"'A Christmas-gift for my little sister,' I replied to their mute inquiry.

"'You have no sister, and no friendly correspondence with those people shall be carried on from my house!' grandpapa fairly roared. This was the voice of which Magelone had told me. But I took courage, and said, in a trembling voice indeed, and without looking up, 'Dear grandfather, I might have sent my package secretly——'

"He stared at me, and his brow cleared. 'Do you love the child?' he asked.

"'Yes, grandpapa!' I cried; 'and if you could see the dear little creature——'

"'Enough, enough!' he interrupted me; and, laying the package aside, he added, 'It shall go, Johanna, and you have done well.'

"Since then he has been kinder than ever to me, perhaps on account of my cousins, who tried to treat me coldly. The old man has so emphatic a way of saying 'My grand-daughter Johanna,' that they changed their tactics, and are now almost amiable to me. Nevertheless, I like Dönninghausen better without them, and am looking forward with pleasure to our quiet days when they shall have departed."



Christmas-eve had arrived. As was the custom, the festival for old and young at Dönninghausen took place in the late afternoon, before the principal meal of the day, and even with Johanna's help Aunt Thekla had much ado to be ready with the arrangement of the presents at the appointed time. The gifts for the members of the family were laid out on long tables to the right and left of the brilliantly-decorated fir-tree in the centre of the ball-room, while smaller Christmas-trees sparkled and shone upon tables ranged against the wall, where were the presents for the servants and the castle pensioners. When the bells of the village rang in the Holy Christmas-tide, Aunt Thekla's silver bell was also rung, the doors into the corridors were opened, and as the flood of light streamed out upon the expectant group outside, there arose, sung by old and young, the strains of the Freiherr's favorite hymn,—

"He comes, He comes, the Holy One,
Filled with His might divine."

Involuntarily, Johanna, standing beside Aunt Thekla beneath the Christmas-tree, folded her hands: memories of vanished years crowded upon her heart; but, as she turned aside to wipe away her starting tears, her look encountered her cousin Otto's eyes fixed upon her. He had arrived in the course of the afternoon. She had not seen him before, and he now nodded to her by way of greeting. She courtesied, and was aware of the same mingled sensation of timidity and confidence that had possessed her at their first interview.

Beside Otto stood Magelone, more elfin-like than ever, in a long, closely-fitting pale-green silk, with her sweet smile and strangely-gleaming eyes.

"Is it Otto's presence that makes her thus brilliantly beautiful? It is strange that grandpapa has never destined these two for each other," thought Johanna.

The hymn was ended, the Freiherr was wheeled into the room, the rest crowded in after him, and soon the delight of the children made itself heard, and the poor stammered their grateful acknowledgments, while Hildegard and Hedwig cast inquisitive, unfriendly glances away from their own rich gifts towards a morocco case which the Freiherr handed to Johanna.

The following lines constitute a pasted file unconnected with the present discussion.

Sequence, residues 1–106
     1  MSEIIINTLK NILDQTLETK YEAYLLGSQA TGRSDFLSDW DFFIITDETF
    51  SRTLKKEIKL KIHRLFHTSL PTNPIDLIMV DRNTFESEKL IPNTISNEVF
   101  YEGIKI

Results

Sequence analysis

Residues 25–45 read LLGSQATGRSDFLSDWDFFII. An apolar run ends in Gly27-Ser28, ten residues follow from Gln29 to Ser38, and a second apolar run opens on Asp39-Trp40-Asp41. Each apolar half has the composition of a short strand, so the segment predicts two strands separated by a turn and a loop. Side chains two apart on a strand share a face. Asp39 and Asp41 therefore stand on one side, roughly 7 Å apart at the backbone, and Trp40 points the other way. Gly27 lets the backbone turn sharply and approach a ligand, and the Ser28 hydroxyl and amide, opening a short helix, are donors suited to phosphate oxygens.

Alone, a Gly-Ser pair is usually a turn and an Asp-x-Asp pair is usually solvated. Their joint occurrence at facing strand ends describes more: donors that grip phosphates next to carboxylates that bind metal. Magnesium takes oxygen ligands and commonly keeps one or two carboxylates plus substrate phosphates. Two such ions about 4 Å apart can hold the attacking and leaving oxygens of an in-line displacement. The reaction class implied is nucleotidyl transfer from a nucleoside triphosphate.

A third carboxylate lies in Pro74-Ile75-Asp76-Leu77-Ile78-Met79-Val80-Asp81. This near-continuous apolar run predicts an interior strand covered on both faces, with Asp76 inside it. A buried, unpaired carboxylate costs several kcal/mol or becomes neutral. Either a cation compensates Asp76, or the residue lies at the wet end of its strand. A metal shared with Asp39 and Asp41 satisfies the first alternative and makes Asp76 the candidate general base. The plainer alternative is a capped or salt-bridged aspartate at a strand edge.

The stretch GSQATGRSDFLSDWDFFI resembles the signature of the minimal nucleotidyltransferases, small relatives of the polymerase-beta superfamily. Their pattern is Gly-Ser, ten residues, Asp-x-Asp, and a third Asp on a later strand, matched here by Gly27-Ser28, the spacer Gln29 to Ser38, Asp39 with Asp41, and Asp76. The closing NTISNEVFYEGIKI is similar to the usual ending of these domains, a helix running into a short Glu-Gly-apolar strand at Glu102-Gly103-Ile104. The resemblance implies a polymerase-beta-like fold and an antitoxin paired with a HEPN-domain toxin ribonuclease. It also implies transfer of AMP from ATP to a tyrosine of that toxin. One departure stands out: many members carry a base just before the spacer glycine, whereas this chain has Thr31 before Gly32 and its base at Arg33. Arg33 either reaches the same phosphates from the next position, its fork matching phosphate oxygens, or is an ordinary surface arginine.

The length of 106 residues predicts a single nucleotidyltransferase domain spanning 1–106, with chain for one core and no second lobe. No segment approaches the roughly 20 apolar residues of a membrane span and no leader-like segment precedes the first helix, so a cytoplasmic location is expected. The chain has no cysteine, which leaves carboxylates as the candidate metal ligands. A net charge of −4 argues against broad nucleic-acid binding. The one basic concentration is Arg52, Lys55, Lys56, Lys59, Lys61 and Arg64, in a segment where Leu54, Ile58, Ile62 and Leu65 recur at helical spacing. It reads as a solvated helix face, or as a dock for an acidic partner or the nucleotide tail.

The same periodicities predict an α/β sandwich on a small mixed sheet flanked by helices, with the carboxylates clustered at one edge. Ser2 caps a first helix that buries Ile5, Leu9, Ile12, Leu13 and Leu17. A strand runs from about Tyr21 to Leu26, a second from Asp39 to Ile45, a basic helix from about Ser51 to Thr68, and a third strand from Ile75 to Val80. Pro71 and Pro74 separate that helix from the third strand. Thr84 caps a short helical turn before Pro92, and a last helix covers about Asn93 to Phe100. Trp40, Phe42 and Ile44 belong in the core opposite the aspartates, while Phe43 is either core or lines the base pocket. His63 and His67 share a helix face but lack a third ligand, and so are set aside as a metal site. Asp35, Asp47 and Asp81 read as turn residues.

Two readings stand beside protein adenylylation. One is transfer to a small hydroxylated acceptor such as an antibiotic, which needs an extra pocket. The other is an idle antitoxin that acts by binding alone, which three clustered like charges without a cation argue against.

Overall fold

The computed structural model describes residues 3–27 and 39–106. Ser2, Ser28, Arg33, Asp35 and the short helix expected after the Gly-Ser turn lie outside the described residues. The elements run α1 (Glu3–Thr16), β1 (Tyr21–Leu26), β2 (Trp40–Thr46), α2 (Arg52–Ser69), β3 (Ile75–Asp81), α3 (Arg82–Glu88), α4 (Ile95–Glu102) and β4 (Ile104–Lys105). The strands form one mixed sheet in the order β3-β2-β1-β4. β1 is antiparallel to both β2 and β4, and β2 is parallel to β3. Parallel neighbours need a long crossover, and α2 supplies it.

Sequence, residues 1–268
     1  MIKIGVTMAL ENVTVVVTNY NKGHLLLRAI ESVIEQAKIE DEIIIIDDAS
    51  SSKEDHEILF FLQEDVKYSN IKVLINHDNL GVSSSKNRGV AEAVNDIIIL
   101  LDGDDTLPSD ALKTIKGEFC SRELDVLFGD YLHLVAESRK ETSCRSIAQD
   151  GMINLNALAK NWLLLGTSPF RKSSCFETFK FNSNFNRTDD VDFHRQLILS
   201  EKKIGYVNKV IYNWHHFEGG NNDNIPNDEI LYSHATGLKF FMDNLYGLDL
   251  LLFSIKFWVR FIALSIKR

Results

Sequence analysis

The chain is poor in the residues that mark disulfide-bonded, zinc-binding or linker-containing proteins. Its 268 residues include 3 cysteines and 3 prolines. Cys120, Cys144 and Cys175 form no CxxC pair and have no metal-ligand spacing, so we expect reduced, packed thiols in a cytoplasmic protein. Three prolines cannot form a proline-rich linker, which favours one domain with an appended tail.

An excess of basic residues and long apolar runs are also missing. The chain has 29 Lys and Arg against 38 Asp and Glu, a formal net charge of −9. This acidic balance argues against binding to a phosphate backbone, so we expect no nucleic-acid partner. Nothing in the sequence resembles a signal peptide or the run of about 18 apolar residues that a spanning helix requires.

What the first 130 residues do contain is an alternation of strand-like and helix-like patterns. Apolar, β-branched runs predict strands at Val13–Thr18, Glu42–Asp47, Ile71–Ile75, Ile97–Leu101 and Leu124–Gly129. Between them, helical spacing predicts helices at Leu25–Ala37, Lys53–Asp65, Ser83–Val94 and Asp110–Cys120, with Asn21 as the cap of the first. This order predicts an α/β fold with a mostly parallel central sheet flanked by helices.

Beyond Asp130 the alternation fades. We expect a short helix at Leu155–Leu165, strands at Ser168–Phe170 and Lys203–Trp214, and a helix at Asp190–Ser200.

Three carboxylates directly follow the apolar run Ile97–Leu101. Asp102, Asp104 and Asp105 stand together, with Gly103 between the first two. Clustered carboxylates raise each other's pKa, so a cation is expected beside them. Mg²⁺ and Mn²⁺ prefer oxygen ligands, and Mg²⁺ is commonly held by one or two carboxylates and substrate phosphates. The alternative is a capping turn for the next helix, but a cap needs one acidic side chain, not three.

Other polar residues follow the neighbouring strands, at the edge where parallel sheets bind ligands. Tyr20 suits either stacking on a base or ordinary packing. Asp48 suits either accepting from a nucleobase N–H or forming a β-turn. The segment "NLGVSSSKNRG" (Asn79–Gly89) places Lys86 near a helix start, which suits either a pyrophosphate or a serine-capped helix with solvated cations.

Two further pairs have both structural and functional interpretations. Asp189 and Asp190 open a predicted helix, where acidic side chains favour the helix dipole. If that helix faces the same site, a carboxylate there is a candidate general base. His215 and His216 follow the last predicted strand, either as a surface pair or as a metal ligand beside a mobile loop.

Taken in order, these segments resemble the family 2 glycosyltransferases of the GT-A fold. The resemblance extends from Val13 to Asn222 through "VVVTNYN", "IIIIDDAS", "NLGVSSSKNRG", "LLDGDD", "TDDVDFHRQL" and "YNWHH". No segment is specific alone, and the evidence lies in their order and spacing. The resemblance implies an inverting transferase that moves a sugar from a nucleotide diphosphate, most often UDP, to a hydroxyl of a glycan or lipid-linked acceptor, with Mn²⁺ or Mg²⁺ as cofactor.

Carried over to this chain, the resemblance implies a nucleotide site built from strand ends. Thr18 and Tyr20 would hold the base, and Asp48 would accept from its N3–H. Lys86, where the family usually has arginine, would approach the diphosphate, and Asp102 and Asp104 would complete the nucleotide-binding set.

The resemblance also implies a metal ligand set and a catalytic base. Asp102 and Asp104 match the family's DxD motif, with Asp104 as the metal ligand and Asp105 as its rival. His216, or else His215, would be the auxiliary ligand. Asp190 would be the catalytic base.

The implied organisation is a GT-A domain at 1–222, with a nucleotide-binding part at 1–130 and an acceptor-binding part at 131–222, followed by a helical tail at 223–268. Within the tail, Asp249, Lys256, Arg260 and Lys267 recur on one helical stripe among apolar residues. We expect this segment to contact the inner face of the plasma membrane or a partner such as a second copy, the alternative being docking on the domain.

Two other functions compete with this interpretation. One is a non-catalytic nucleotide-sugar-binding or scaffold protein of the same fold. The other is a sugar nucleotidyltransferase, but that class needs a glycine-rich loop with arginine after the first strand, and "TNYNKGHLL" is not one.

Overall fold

"Open it, child!" he said. She obeyed. A rococo parure of rubies and diamonds lay gleaming upon the yellowish-white satin inside the case.

"Your grandmother's bridal jewels, your mother's inheritance," said the Freiherr.

The sisters exchanged looks of indignation. Johanna kissed her grandfather's hand.

"I thank you; the double memory makes it very precious," she said, and closed the case. As she did so, Otto approached her.

"At last, Fräulein Johanna," he said, and held out his hand. "How glad I am to see you again!"

"Fräulein!" cried the Freiherr. "Boy, what do you mean? You should call the daughter of your father's sister 'Johanna.'"

"Most gladly if I may. Will you allow it, dear Johanna?" said Otto, bestowing upon her a cousinly kiss. Blushing, she released herself from him, as he looked into her eyes with a glance of momentary triumph. "To our friendship," he said, gravely, and then the children came rushing up and separated them.

A telegram was handed to the Freiherr; he read it with a lowering brow.

"How unfortunate!" he cried. "Waldemar tells me that important business will not allow of his being with us before New Year's day. This Christmas it vexes me particularly."

"I am delighted," Magelone whispered to Johanna. "It is a respite, at least for me. The betrothal of the future head of the family cannot possibly be announced unless all its august members are present."

Johanna looked at her and shook her head. "That betrothal will never take place," she said; "Otto will not allow it."

"Otto! What do you mean?" asked Magelone. "You have hardly seen us together."

"Long enough to see how he adores you."

"Mere gallantry, child; nothing more," said Magelone. "Remember, pray, he has debts, I have nothing, and we are sensible people."

And she fluttered away to her presents, where the next instant Otto joined her. "May I take you in to dinner?" he asked.

"That is at present Johann Leopold's privilege, or task. As which do you think he regards it?"

"Can you ask?" said Otto. "He is pursuing you with the glare of a veritable Othello!"